Man of Timber and Calibre on a New York Train

by Yemisi Aribisala

A painting abstract, swirly people seated in a subway car. The ads on the ceiling look like collages One person is reading a book, another is hold his phone. A figure in the shadows stands to the side, holding a camera to capture the scene.
Painting by Yemisi Aribisala

When I was introduced to him it was with the name Timber. An unexpected consolation, when a lot of the university guys I had met had nicknames like “Tissue,” “Knacker-P”, “Suck-it,’” and “Dr. Cadaver.” Introductions made among these young Nigerian men were conducted with giggling and elbow digs. I was that anomalous young lady hanging out with Obafemi Awolowo University undergraduates, traveling by Ife-Ibadan expressway on insane expeditions that would have given my parents heart attacks if they caught wind of what was going on. I hung around long enough with these men to unfortunately become one of the guys. Most of their nicknames’ meanings were withheld as kinds of rites of passage but also because in the end I was a woman and guaranteed to be repulsed rather than amused at the reveal.

I learnt in due time that Olugbenga Oni, aka Timber, was nicknamed for his height and build. It was that simple, anticlimactic even—an innocuous nickname among a dozen appalling ones. They called him Timber for A man of timber and calibre—something that Nigerian M.C.s and praise singers once insisted on calling their patrons at every opportunity, deserved or otherwise—echoing a trend that seemed to catch fire a few decades ago.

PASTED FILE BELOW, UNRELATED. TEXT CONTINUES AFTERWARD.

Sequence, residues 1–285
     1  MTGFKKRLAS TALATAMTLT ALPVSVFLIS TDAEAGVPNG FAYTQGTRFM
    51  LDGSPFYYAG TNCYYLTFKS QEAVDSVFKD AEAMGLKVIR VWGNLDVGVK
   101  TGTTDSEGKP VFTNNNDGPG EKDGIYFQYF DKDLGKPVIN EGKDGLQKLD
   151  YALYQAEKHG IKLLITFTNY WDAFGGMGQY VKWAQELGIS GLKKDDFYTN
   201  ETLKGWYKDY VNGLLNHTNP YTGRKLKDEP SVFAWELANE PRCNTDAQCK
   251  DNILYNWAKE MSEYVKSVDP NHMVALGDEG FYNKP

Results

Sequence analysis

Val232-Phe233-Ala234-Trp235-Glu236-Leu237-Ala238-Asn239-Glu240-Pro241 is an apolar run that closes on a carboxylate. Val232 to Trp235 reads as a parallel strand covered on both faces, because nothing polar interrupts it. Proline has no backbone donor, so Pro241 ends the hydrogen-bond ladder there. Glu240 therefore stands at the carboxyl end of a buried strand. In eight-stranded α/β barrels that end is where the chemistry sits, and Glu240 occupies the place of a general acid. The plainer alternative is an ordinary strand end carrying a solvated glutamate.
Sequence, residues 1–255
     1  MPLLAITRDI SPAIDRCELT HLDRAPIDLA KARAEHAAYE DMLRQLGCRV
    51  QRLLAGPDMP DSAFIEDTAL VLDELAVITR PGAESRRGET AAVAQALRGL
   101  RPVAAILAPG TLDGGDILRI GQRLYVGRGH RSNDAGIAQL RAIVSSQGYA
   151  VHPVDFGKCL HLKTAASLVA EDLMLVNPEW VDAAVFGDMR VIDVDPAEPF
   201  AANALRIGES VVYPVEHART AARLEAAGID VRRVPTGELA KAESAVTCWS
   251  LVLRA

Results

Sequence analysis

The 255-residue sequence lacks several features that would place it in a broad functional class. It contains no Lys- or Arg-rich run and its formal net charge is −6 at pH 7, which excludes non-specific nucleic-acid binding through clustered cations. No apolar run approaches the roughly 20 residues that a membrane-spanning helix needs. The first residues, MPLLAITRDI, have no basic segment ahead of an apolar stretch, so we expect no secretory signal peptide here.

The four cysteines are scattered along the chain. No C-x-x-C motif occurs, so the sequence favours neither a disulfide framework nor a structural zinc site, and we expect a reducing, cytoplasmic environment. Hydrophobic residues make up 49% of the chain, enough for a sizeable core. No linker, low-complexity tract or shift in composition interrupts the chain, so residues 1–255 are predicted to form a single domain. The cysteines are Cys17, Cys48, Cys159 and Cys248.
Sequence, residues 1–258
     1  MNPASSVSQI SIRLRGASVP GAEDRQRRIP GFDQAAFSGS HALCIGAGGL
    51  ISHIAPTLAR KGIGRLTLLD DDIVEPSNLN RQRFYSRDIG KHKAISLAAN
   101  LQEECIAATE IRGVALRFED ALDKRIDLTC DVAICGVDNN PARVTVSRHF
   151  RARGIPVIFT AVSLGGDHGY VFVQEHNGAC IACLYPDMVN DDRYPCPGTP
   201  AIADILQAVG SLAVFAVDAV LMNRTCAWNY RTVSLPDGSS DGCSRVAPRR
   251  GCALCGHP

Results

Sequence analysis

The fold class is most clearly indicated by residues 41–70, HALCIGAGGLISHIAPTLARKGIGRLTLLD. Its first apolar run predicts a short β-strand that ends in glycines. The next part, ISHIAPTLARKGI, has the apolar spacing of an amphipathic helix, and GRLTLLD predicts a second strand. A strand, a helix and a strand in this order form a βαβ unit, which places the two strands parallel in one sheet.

So his friends called him Timber as an excoriation, not an accolade. The story might have gone that some Yoruba elder looked him up and down and crowned him with the title and his friends decided to mock him with it, because who the hell was he to have a wholesome nickname. Timber now goes by Olu Oni and is a managing partner in a financial consulting firm in New York City. Perhaps in line with what the Yoruba believe, that a child becomes what you call him.

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